It’s a question that has vexed fusion scientists for decades: What would it take to refuel the sun? Now, thanks to a partnership between the U.S. Department of Energy and a team of William & Mary researchers, we will be closer than ever to figuring it out.
The DOE recently announced $36.4 million in funding for 37 research awards at universities, national laboratories and private firms to support the study of nuclear fusion as a future energy source. William & Mary was one of 10 universities selected to receive DOE funding.
Saskia Mordijck, assistant professor of Applied Science, leads fusion research at William & Mary. She laid the groundwork for the DOE partnership and regularly collaborates with scientists at the DIII-D National Fusion Facility at General Atomics in San Diego. She says William & Mary will receive about $1 million of the $36.4 million package, which will go towards hiring a fusion scientist and two graduate student researchers. Their plan? Learn how to fuel the plasma needed for fusion reactions, like those that power the sun.
“If you think about the sun, it is a nuclear reactor and, in about 5 billion years, it will stop because it has run out of fuel,” Mordijck said. “It will die out as a star, because the hydrogen needed for fusion reactions is depleted. We’re trying to figure out a way to fuel the plasma to keep those reactions going in an Earth-based fusion reactor.”
Within the sun, the fusion of hydrogen nuclei into helium has produced enough energy to warm Earth for billions of years. The temperatures needed for fusion result in a state of matter known as plasma. The mechanics of how that plasma (necessary for ideal fusion conditions) is created is relatively simple to explain, but extremely complicated to produce, Mordijck says.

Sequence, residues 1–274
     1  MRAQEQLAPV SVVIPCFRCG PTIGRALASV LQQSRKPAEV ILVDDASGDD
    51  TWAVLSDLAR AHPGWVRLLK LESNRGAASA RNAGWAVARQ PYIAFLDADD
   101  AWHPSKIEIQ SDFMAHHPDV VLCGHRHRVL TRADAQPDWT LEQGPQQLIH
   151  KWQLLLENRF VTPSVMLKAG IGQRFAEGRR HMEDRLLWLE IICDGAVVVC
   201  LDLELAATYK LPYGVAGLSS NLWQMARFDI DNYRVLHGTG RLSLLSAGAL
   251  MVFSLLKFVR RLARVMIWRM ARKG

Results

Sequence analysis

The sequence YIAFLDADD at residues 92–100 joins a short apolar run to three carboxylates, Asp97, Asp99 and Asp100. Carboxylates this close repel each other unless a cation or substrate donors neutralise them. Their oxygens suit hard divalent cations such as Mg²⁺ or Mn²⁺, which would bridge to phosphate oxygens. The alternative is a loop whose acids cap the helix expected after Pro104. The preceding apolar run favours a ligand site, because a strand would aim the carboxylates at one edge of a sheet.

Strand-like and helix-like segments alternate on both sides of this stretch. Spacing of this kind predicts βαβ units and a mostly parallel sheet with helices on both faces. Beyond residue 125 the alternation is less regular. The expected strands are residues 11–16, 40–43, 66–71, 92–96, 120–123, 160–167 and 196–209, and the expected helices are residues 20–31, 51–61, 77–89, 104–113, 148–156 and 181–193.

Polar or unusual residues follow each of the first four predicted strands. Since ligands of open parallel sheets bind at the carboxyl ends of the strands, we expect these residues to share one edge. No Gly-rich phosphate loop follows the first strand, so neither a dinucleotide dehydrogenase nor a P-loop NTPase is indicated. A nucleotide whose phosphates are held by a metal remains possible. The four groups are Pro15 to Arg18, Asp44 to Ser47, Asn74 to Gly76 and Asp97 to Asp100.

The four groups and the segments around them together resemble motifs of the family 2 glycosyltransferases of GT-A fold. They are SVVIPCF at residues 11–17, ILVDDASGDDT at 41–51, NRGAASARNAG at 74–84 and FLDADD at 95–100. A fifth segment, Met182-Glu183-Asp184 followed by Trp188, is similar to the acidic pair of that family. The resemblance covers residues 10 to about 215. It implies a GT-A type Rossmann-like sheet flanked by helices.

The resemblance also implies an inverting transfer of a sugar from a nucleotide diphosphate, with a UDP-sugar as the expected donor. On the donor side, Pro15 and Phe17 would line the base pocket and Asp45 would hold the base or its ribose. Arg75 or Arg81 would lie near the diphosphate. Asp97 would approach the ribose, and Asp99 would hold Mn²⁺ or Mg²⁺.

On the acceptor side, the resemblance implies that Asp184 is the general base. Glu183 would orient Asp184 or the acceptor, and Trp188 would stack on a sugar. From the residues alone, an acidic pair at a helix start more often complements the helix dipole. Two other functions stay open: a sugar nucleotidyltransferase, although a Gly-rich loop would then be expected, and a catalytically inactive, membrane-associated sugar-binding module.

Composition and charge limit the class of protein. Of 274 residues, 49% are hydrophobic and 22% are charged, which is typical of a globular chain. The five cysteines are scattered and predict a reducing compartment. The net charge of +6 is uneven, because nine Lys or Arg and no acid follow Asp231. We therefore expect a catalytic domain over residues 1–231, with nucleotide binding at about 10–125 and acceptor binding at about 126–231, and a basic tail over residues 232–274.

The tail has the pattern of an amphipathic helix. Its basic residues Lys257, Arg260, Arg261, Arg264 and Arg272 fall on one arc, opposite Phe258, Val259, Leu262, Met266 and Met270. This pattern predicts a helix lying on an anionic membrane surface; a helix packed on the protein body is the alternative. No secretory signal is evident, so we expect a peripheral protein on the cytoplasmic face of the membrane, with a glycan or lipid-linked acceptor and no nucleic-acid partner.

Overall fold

To accomplish fusion, two small particles are heated to a high enough temperature that they fuse together. In fusing, some of their mass is released and converted into energy. If done correctly, the resulting energy will be greater than the energy required to fuse the two particles together. It’s essentially the opposite of fission, the method of breaking apart atoms that fuels nuclear power plants and atomic bombs. One method forces particles together, the other splits them apart.
“With fission, you can just shoot a fast neutron at a large particle and then it splits and releases energy,” Mordijck said. “The problem with fusion is you need to bring two particles together. That is very difficult, because they repel each other.”
When it works, a fusion reaction produces much more energy than fission, she explained. The problem is getting the particles to get along. Mordijck describes it as a kind of atomic matchmaking.
“I compare it to college, in the sense that college is the time when people tend to make the most friends,” she said. “Why? You pick the college that fits your personality and all the other people there did the same thing. The other students already have a similar resonance with you.”
Mordijck says that, like college, the trick to achieving fusion is creating a climate that fosters bonding.
“In college, you put enough students together and you keep them there for four years, so they can actually make and build friendships,” she said. “With fusion, it’s similar. You are forcing relationships, so you need to get the temperatures high enough, with enough particles and you need to keep them together long enough so they fuse.”
Mordijck’s research focuses on containing plasma by using magnetic fields, unlike solar plasma, which is contained by the sun’s massive gravity. Her fusion-control experiments are conducted on an instrument known as a tokamak, a donut-shaped chamber designed to accommodate the magnetic fields needed to contain the plasma. Her ultimate goal — and the goal of every fusion researcher — is to achieve a contained, self-sustaining fusion reaction.
The next phase of Mordjick’s research will focus on what the DOE calls a “high priority challenge,” creating a hot and dense enough plasma to keep a fusion reaction going by somehow adding more fuel. To employ Mordjick’s college metaphor, her team will have to figure out how to enroll more students without upsetting any existing bonds.
“This is an incredibly complex thing to do,” Mordijck said. “You are trying to create a sun on Earth — and not only are you trying to create it, you want to keep it that way for hours and get energy from it. It’s extremely hard, but it’s like anything challenging, it takes effort and it takes time.”